Lack of access to outside activity is detrimental to nutrition levels in our bodies. Exposure to the sun is almost the only way in which the body can receive vital supplies of vitamin D. Vitamin D is essential to healthy bone development; the lack of vitamin D leads to the development of rickets and in the long-term causes high blood pressure and cholesterol. The National Health & Nutrition Examination Survey conducted over four years between 2001 and 2004 found that 61 percent of children and adolescents had insufficient levels of vitamin D in their system, and an additional 9 percent had deficient levels, putting them at risk for heart disease and bone malformation. As reported by Medical News Today, these levels were particularly associated with children who spent long periods of time on computer games or in front of the television.
A fear of being exposed to too much sunshine, of causing damage to one’s skin and of cosmetic and medical consequences, has also reduced the amount of time children and adults are out in the open. When in nature, often there is a lack of interaction; barriers of sunscreen and shade prevent a real connection occurring and limit the extent to which play happens. In order to get a sufficient amount of vitamin D, one need only be exposed to the sun for fifteen to twenty minutes a day; once that has happened, sunscreen, and a hat and sunshades for the hottest part of the day between noon and 2 p.m. is sufficient protection.
An inside lifestyle is also a sedentary lifestyle (unless you are fortunate enough to have a home gymnasium or room enough to exercise indoors, should you have the self-discipline to have a regular home exercise regimen). This negatively impacts one’s health. The modern child has access to high-tech gaming and equipment that simply did not exist even as little as ten years ago. It is not unusual for a child to spend up to six hours a day in front of a screen, be it television, computer, hand-held game, or cell phone. The American Academy of Child & Adolescent Psychiatry found that the average child spends three to four hours a day watching television, and that this has a significant harmful effect on the mental and physical health of children.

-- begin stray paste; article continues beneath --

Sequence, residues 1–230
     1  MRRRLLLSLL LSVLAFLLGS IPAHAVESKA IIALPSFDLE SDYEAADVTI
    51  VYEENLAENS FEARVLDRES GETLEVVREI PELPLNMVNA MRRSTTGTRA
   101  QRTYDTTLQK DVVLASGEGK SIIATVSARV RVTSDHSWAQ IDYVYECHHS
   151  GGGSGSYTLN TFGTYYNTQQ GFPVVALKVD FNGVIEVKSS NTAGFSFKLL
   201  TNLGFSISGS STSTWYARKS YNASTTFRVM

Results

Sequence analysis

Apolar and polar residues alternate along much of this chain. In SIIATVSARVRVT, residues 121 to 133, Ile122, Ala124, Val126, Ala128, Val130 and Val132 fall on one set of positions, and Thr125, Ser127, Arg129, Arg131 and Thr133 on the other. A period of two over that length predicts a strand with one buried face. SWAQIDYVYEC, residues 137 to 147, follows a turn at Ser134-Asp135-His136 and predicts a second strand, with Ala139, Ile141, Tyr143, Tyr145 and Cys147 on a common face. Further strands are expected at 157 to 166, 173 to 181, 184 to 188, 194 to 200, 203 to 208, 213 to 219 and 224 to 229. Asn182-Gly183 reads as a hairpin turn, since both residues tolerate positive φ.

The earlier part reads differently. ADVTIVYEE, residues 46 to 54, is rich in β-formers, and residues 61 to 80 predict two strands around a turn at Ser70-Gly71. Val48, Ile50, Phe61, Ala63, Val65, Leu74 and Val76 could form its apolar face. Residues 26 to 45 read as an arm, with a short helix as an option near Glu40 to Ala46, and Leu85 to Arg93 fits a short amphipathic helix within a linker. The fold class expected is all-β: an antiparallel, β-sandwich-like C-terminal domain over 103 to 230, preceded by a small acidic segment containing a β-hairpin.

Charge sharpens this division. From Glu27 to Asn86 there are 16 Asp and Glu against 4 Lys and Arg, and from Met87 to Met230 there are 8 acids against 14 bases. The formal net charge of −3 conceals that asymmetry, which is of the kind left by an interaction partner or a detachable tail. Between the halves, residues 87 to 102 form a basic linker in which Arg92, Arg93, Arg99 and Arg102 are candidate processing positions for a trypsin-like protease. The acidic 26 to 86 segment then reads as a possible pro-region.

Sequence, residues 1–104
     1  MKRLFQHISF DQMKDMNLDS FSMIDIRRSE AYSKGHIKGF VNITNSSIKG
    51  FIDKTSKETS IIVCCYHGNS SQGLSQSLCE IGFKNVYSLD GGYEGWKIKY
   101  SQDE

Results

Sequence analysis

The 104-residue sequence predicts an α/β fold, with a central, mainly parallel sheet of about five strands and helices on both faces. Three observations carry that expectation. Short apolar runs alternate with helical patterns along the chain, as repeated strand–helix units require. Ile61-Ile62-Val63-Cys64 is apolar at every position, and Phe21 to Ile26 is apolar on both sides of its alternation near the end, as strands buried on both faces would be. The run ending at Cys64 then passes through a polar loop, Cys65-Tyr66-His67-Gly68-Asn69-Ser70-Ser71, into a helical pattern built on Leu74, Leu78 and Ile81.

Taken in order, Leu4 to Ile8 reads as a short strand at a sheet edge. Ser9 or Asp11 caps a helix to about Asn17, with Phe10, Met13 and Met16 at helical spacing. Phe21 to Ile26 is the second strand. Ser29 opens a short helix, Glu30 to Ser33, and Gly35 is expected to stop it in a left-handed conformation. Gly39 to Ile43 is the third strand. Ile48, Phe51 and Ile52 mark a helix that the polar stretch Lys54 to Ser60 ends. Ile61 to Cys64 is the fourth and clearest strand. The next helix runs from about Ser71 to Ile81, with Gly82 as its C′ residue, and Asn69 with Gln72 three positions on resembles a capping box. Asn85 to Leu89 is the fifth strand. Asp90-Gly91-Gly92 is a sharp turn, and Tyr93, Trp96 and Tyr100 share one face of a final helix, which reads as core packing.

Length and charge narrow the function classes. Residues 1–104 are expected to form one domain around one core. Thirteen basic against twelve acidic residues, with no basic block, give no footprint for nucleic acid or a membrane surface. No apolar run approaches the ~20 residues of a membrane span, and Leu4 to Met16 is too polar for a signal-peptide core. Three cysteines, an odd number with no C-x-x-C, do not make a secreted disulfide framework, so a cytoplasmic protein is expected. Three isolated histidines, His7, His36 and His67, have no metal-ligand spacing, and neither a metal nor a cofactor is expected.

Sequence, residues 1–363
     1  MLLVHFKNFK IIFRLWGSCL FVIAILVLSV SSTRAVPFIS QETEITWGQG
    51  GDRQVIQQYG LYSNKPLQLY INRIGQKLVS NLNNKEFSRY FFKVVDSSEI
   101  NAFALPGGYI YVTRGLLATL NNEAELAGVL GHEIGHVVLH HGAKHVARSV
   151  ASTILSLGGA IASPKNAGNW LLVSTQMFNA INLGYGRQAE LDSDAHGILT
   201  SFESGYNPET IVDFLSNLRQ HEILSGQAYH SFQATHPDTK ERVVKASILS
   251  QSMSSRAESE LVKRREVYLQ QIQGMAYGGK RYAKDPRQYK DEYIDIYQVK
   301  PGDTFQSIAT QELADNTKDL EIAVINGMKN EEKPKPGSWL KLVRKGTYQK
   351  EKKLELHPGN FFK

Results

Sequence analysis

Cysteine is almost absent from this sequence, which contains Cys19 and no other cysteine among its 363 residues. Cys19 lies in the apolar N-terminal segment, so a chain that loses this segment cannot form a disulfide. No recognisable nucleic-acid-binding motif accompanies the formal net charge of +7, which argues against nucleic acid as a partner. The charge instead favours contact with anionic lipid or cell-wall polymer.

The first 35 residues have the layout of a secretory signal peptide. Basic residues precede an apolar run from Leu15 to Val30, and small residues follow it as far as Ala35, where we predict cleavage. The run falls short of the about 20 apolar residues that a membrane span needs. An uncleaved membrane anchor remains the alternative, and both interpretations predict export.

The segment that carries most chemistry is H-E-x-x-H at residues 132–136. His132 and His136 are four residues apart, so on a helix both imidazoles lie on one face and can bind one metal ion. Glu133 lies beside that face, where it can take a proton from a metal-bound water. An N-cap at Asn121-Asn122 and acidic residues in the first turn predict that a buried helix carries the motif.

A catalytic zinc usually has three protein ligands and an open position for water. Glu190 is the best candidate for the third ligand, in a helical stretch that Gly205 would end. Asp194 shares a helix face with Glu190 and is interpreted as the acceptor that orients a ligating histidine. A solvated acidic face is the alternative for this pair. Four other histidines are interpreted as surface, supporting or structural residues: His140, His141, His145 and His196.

The Media Doesn’t Help
One might think from the media that children are at ever increasing risk from criminals if they venture outside the home, but in fact the opposite is true. Statistically children are safer from crime nowadays than they were twenty, thirty, or forty years ago. Increased accessibility to information has helped create a climate of fear, which prevents children, and even adults, from venturing outside of the home. The desire to protect the child is understandable and even laudable, but is based on false and/or exaggerated information and is now causing more problems than it is resolving.
Not everyone has access to the great outdoors, but imagination and play can take place anywhere. Being exposed to sunshine to reap the health benefits, playing with friends, and allowing one’s imagination to take flight helps a child learn to interact, helps maintain a healthy body and mind, and builds up reserves of vitamins, minerals, and energy that will allow the child to grow strong and independent.
Off-the-grid living means you are already a step ahead in protecting yourself from the negative consequences of an inside lifestyle. Those considering adapting to an off-the-grid lifestyle may not be aware of how great the outdoors truly are. Get your child involved in gardening, growing the vegetables and, if you have any, tending the animals. Allow them the freedom to roam, building a healthy body and mind, and join them in their play if you can. For those still in urban areas, perhaps teaming up with fellow parents to arrange outdoor play dates might help. Limit screen time. There are ways and means of enjoying the outdoors, and the benefits of doing so are proven. I can often be found with my camera outdoors, enjoying the sun and seeing what I can see. I hope you too will find your way into the great outdoors.
©2012 Off the Grid News